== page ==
Mailing List Message #46445
From: sboese <>
Subject: RE: [FlyRotary] Re: Not developing full power.
Date: Mon, 15 Jun 2009 10:59:08 -0600
To: 'Rotary motors in aircraft' <>

The following observations may be of interest in the light of recent discussions. 


On the flight to the resent Rotorfest, I thought the exhaust noise level had increased at one point.  This was just chalked up to fatigue and the longer than normal time in flight since this was the longest XC attempted to date.  My usual procedure for adjusting throttle position is to advance it until no further increase in rpm results even though there is normally about ¼ of the total travel still available.  My throttle body is a cut down Mazda one with two openings as described in Tracy’s guide. Since I use the stock oil metering pump, the throttle position adjusts the metering pump stroke and advancing the throttle more than necessary results in accumulation of oil in the sump.  At one point when checking the throttle position, the RPM actually dropped slightly when advancing the throttle further.  I thought to myself “this is strange”  and returned the throttle to its original setting since things were running smoothly.


At the Rotorfest, I listened with interest to Mark’s presentation on muffler lifetime or lack thereof, wondering why my first attempt at a muffler had survived so long.  I attributed this to my normal operation at high density altitudes which results in reduced max power levels.  I also described the construction of my “bomb” to several people who were interested in it.  I now realize that I didn’t know what was in it myself.  During the preflight before leaving the Rotorfest, I noticed a rattle in the muffler when checking its security to the belly of the plane.  After returning to Laramie, I investigated the rattle further and the results are shown in the attached pictures.  The fact that the center baffle broke is not surprising since it was simply a push fit into the shell and was vulnerable to flexing since it was flat.  The repair uses a conical shaped baffle with a solid ring around its outside circumference to make it even stiffer.  We’ll see how long that lasts.


The recent discussion on not developing full power, especially Ed’s information on seeing almost 20 gph at max power settings at seal level got me thinking about my performance.  I have seen up to 16 gal/hr at 4500 ft DA on a rare excursion to that low an altitude.  That didn’t seem unreasonable considering the sophistication of my setup compared to Ed’s.  Looking back at the data log from the flight home from the Rotorfest, there were some interesting observations concerning the departure from 40XS.  That segment of some of the data from the log is shown in the attached plots.


A couple of things in the data seem to me to stand out.  One is that I am recovering nearly full manifold pressure in the plenum at wide open throttle compared to ambient as shown in the data of the manifold pressure before start-up and during runup and take off.  This has always been the case.  The second thing that stands out is that I was only using between 10 and 11 gal/hr at wide open throttle with the mixture adjusted for max power.  I didn’t look at the fuel flow reading during runup or take off and only noticed these low values when examining the data log recently.  I am confident that the fuel flow readings are quite accurate since the fuel actually used for this trip matches the instrument readout very well.  While some of you may have experienced some apprehension at such a pathetic power production level, it seemed normal to me since I usually operate at density altitude from 7000-10000 ft.  Another thing I noticed in the data is the significant rpm drop when the prop unstalled just prior to liftoff.  The rpm usually drops a little at that point but not nearly this much.  I remember noticing this on departure, but was otherwise occupied and didn’t give much further thought at the time.  Not shown in the plots is the coolant temperature which reached 225 degrees at the stock location in the flywheel end iron at 8 minutes into the log.  This is about 20 degrees higher than normal even at the reduced fuel consumption level during this time.  Oil temperature showed a similar response.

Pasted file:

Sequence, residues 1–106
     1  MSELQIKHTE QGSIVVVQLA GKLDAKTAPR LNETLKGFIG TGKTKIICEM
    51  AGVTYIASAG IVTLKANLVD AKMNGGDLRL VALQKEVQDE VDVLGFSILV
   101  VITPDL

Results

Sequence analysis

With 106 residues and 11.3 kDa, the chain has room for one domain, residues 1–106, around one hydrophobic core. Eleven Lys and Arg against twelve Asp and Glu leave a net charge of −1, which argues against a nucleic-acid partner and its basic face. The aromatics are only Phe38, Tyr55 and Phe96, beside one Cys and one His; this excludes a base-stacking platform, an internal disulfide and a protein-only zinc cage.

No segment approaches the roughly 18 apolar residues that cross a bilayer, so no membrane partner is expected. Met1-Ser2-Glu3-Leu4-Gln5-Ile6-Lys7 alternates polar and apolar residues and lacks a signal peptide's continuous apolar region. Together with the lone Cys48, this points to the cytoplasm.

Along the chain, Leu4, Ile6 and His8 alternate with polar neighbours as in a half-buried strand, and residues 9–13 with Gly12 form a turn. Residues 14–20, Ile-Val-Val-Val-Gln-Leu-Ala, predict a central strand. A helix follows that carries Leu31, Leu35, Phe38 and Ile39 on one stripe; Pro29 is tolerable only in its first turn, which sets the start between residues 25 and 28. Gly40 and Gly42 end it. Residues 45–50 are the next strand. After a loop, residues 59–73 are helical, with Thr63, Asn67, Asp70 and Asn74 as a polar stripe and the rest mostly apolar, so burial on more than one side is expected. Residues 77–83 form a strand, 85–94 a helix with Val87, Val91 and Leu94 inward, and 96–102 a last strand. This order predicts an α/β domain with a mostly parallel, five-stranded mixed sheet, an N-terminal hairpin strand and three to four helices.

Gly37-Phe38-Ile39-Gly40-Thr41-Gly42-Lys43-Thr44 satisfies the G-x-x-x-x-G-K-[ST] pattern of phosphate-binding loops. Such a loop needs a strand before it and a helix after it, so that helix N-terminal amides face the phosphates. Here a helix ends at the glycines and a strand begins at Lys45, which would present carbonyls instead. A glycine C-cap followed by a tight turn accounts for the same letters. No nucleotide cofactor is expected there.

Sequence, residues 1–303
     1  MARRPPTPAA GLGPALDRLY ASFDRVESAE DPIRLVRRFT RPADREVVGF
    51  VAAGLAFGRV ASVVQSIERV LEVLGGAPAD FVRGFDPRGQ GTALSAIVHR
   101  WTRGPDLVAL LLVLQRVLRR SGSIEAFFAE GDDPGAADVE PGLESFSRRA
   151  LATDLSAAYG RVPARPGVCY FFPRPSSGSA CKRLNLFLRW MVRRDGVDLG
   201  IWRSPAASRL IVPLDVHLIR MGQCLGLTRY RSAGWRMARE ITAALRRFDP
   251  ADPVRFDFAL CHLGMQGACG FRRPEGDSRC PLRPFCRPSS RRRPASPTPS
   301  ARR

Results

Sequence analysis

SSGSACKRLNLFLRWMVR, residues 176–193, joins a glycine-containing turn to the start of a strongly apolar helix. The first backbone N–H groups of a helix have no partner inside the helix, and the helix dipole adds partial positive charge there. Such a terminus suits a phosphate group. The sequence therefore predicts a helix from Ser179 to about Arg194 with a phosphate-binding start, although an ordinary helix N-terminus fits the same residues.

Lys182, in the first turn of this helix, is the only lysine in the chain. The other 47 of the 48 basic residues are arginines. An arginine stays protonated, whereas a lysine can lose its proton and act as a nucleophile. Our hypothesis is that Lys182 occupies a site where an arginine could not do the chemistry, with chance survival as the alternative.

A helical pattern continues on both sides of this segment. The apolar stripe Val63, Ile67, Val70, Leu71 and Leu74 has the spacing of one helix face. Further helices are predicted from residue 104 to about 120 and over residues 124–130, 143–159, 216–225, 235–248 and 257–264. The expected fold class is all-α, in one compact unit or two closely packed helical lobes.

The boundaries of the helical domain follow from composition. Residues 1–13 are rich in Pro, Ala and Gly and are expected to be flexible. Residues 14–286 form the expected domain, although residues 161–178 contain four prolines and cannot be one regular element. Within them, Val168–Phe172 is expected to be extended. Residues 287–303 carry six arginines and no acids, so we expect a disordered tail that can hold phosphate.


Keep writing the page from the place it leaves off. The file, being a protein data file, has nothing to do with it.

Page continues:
After removing the muffler to investigate the rattle, standing it on end would allow the broken segment to move to the area of the outlet and block some of the exhaust exit area.  Laying it horizontally again would allow the broken segment to slide down the conical end where it could not be seen in the exit.  I suspect that the exhaust gas carried the broken segment up the slope where it could block part of the exit when operating at power levels above idle.  Luckily, the blockage was not enough to prevent generating enough power to sustain flight.


In any case, the data log is a record of the effect of increased back pressure on the performance of my NA 13B.  Just as has been described in the recent discussions, the result was as expected: decreased max fuel consumption and decreased max power production.  In addition, I saw increased coolant and oil temperatures.  Maybe the increased back pressure was responsible for the decrease in rpm upon fully opening the throttle in stabilized flight, but I’m not sure why such an effect would arise.


For what it is worth…


Steve Boese


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